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How it Happened in Peach Hill

av Marthe Jocelyn

MedlemmarRecensionerPopularitetGenomsnittligt betygOmnämnanden
1324154,256 (3.47)3
When fifteen-year-old Annie Grey and her "clairvoyant" mother arrive in Peach Hill, New York, in 1924, each finds a reason for wanting to finally settle down, but to reach their goals they will have to do some serious lying and Annie will have to stand up for herself.
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I picked up this one after reading about it on a children's lit blog. Unfortunately, I don't remember which one.

This was a thoroughly enjoyable book. It reminds me of [b: A Drowned Maiden's Hair|199741|A Drowned Maiden's Hair|Laura Amy Schlitz|https://images.gr-assets.com/books/1388342186s/199741.jpg|193232] by Laura Amy Schlitz, but in subject matter, not writing style. While I wasn't blown away by anything in particular, I found myself wanting to pick this one up even when I wasn't on the train- always a good sign. I wasn't exactly sure what was going to happen, and the ending was satisfying. I especially like that the romance was left so open-ended. The uncertainty of that saved the ending from being too tidy.

I was about to tag this "historical fiction" because, I suppose it is, being set in the 1920s, however, almost nothing about the book conveys a particular time or place (despite the explicit mention of rural upstate New York and flapper dresses). Really, it could be in any small town in any post-industrial, pre-war era when flim-flam artists and con men could stay just one town ahead of the law.

I remember going to a conference on historical fiction once, quite a few years ago. What I retained was the difference between historical fiction, which features actual historical people such as [b: Johnny Tremain|816870|Johnny Tremain|Esther Forbes|https://images.gr-assets.com/books/1308964858s/816870.jpg|2683165] or [b: Little House on the Prairie|77767|Little House on the Prairie (Little House, #2)|Laura Ingalls Wilder|https://images.gr-assets.com/books/1441903581s/77767.jpg|2884161], and period fiction, which is set in the past, such as Mildred Taylor's books or [b: Long Way From Chicago|39963|A Long Way from Chicago (A Long Way from Chicago, #1)|Richard Peck|https://images.gr-assets.com/books/1388195985s/39963.jpg|1207111]. It is an interesting distinction, especially since I more often find myself annoyed by the appearance of actual people in fiction. The Royal Diaries is a good example; I hate that they have taken real people and made up diaries for them, with little or no documentation or indication of what is real and what is not. If I were to encounter Johnny Tremain now, would I feel the same way about it? I don't think so, because the historical people are secondary characters, and while I haven't read it in some time, I think it is historically substantiated. But perhaps I only think that because it's a classic and I never questioned it.

And then what do we do with Little Women and Secret Garden? They sure seem like period fiction now, but when they were written, they were contemporary. Do we need a third term? And if so, what would it be? ( )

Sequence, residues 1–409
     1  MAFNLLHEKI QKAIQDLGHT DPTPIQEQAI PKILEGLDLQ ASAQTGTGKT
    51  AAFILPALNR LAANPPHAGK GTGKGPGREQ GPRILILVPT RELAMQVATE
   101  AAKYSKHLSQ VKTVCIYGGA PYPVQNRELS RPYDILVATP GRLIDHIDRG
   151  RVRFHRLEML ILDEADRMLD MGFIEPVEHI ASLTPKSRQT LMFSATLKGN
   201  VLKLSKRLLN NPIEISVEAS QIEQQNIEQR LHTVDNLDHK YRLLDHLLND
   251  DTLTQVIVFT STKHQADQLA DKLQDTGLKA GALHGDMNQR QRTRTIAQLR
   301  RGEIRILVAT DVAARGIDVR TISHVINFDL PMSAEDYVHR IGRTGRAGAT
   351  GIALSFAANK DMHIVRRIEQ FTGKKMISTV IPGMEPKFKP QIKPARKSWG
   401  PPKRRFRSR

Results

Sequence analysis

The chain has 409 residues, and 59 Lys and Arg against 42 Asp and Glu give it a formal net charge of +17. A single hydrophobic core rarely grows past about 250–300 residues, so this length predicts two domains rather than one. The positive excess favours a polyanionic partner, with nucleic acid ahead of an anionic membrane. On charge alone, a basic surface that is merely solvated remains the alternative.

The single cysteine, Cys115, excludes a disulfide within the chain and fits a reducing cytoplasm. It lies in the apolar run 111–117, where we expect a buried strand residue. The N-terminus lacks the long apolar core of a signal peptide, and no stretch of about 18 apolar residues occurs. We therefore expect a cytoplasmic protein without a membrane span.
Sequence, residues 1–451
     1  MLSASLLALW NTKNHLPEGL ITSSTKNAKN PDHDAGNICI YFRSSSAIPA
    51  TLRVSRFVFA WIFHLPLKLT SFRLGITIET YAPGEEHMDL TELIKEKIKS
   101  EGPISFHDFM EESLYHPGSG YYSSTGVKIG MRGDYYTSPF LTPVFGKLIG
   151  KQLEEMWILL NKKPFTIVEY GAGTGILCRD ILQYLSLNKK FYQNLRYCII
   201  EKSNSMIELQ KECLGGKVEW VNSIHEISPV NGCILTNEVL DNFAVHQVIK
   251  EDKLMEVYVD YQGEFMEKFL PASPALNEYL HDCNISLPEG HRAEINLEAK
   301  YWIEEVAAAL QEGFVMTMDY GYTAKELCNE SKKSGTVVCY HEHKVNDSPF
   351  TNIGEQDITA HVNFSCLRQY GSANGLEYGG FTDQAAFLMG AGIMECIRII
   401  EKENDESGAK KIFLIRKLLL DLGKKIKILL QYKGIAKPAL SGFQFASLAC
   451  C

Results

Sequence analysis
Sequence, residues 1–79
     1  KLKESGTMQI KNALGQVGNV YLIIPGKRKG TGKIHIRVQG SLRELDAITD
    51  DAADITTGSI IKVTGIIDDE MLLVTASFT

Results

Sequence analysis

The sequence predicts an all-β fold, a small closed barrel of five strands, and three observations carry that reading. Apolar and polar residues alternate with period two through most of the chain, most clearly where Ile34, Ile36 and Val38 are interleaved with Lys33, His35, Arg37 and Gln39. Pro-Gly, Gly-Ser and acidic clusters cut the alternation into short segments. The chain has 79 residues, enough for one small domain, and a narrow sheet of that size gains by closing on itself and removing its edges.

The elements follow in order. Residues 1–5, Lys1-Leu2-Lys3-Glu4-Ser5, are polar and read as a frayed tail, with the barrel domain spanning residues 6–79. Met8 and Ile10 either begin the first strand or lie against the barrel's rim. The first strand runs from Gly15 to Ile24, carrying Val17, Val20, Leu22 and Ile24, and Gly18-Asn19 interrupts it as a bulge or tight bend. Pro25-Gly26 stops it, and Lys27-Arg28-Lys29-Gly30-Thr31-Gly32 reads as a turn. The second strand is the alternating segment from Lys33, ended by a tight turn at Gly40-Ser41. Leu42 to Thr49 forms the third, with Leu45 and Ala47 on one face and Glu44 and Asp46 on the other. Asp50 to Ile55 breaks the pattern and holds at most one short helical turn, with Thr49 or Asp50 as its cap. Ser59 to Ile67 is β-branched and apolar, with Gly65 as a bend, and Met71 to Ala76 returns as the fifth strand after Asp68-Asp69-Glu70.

amandabock | Dec 10, 2019 |
Gr 5-9-During the 1920s, 15-year-old Annie travels from town to town in upstate New York with her mother, a self-proclaimed spiritual adviser. Annie is her mother's secret weapon: by posing as an idiot, she can eavesdrop on conversations around town and gather fodder for "Madame Caterina's " fortune-telling sessions. The downside, of course, is that Annie is never able to let anyone learn just how intelligent and lonely she really is. When they move to Peach Hill, the teen longs to settle down, and it seems she may get her wish when, in a rebellious moment, she feigns a miraculous cure that allows her to drop her mentally disabled pose. Finally, she is able to attend school and get to know some of the townspeople on her own terms. But the mother is as tenacious as the daughter, and has no intention of losing Annie's services. Add to the mix a local schemer who is determined to use the duo's skills to his own advantage and a persistent truant officer who has her doubts about Madame Caterina, and the result is a rollicking coming-of-age story that ends with dreams realized in unexpected ways. Jocelyn's research of the period is evident, and the old wives' tales that she has chosen as titles for each chapter hint at how the plot will unfold. Readers will not soon forget this unconventional mother-and-daughter team.-Kim Dare, Fairfax County Public Schools, VA Copyright 2007 Reed Business Information.
( )
  KimJD | Apr 8, 2013 |
This book, How it Happened in Peach HIll, is a marvelous book that relates to "being" a psychic. I think that this book is really great, and everyone should read it. ( )
1 rösta greentngrnpie945 | Apr 15, 2008 |
Annie's mother swindles people by reading their palms and reaching their loved ones on "the other side." Since the book is set during WWI, there are many women wanting to contact their lost husbands and sons. Annie's part is to gather information to assist her domineering mother. She does this by pretending to be an idiot. But Annie is 15 and wants to go to school and live a normal life, and she especially wants to meet Sammy Sloane. ( )
1 rösta cliddie | Jul 9, 2007 |
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When fifteen-year-old Annie Grey and her "clairvoyant" mother arrive in Peach Hill, New York, in 1924, each finds a reason for wanting to finally settle down, but to reach their goals they will have to do some serious lying and Annie will have to stand up for herself.

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Tundra Books

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Utgåvor: 0887767737, 0887769071

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